Maki-su

Add a maki-su, a simple rolling mat of woven bamboo reeds, to your kitchen cache and you’ll be rockin’ the maki rolls in no time.

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Sara Smith

maki-suSushi, anyone? Add a maki-su, a simple rolling mat of woven bamboo reeds, to your kitchen cache and you’ll be rockin’ the maki rolls in no time. At a recent Sushi 101 class offered at Maui Prince Resort’s Hakone restaurant, resident sushi chefs Tom Kamijo and Ivan Bersamin masterfully worked their maki-su to create uniform hosomaki (thin rolls), regular maki (nori—seaweed—on the outside), and uramaki (rice on the outside). To keep the rice from gumming up their mat when rolling the uramaki, the chefs tightly wrap their maki-su in plastic wrap. Chef Bersamin advises spending a little more for the higher-quality maki-su. What to look for? A heftier mat with reeds that are flat on one side (rather than round) will make nice, smooth rolls. Those rolls don’t need to be round, either. These chefs use their maki-su, a little creativity, and some intentionally uneven pressure to mold square and even petal-shaped maki.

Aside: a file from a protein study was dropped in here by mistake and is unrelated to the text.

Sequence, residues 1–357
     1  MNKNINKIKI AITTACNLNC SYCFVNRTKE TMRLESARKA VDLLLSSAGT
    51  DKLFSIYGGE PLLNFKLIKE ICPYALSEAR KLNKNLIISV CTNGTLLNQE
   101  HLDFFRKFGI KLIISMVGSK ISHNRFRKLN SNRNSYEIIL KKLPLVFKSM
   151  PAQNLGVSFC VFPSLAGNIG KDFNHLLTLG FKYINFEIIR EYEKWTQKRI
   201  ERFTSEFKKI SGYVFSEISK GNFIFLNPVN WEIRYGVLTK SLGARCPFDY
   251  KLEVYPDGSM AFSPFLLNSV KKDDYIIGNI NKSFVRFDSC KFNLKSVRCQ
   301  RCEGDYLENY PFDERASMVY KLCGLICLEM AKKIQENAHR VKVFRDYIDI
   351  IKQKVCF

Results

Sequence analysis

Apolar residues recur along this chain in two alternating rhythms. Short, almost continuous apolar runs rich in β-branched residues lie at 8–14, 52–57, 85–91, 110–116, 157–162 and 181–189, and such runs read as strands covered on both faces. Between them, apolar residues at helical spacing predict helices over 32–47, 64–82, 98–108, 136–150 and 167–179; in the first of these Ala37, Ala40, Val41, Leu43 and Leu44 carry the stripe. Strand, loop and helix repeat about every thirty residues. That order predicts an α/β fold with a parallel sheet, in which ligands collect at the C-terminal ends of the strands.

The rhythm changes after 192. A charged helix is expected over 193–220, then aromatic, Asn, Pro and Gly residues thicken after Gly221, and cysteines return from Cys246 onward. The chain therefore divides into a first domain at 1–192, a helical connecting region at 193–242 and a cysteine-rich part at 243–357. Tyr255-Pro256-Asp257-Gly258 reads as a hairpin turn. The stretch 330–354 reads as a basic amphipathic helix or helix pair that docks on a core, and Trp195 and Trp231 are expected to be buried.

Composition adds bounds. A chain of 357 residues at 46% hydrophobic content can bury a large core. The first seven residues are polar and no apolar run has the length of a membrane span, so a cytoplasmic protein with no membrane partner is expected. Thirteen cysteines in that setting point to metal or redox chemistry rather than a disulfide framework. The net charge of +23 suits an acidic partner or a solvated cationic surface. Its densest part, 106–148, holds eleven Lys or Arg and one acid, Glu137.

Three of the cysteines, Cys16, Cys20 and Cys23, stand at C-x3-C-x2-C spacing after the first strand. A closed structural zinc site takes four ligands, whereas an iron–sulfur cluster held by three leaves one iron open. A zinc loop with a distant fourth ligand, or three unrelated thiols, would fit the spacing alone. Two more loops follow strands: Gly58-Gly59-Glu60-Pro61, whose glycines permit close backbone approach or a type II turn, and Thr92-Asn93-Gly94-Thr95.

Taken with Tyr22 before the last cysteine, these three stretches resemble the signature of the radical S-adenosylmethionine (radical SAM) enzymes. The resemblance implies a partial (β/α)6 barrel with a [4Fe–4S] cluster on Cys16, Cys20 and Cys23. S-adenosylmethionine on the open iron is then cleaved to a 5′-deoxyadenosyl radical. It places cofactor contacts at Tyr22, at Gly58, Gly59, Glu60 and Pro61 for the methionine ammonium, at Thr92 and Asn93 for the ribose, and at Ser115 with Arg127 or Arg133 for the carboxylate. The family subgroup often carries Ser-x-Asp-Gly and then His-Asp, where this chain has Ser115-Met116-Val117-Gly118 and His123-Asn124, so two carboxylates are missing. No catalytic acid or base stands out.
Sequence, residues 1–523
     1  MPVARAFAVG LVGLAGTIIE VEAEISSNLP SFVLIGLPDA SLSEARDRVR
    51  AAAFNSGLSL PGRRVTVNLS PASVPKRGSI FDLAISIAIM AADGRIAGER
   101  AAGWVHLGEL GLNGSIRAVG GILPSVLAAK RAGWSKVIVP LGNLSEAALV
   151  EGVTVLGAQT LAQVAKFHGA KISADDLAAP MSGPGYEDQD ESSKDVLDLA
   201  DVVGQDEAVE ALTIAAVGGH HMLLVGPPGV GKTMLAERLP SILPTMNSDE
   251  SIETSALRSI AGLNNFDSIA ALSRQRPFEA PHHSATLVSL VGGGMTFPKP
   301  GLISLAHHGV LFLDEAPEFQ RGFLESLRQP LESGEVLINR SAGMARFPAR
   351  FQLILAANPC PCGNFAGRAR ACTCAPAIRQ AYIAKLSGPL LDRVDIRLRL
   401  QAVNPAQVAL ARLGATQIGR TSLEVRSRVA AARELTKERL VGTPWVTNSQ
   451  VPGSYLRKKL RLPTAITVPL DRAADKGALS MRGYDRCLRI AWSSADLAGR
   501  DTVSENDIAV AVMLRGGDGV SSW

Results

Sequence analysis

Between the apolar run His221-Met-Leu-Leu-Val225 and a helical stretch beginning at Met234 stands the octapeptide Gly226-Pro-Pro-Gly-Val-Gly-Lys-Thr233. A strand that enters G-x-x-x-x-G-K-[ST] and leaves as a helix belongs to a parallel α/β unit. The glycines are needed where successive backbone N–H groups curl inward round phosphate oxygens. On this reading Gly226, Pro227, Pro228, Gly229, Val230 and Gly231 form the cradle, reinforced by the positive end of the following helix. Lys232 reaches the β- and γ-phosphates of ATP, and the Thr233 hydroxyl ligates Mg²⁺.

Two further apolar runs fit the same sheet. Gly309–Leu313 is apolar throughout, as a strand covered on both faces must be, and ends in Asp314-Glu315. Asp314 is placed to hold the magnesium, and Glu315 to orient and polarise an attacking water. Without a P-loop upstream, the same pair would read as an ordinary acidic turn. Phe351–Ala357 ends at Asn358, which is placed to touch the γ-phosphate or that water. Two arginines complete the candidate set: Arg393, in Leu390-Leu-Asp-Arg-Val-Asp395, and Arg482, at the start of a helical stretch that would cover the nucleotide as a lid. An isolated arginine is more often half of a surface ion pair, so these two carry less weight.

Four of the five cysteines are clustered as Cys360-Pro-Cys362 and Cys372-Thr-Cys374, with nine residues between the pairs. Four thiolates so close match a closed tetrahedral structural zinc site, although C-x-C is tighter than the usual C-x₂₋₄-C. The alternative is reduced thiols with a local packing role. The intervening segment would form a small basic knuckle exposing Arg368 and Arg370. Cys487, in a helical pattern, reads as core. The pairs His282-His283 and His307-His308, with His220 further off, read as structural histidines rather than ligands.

Learn more sushi basics at Hakone’s Sushi 101 and Sushi 102 classes. For upcoming dates, call 875-5888.

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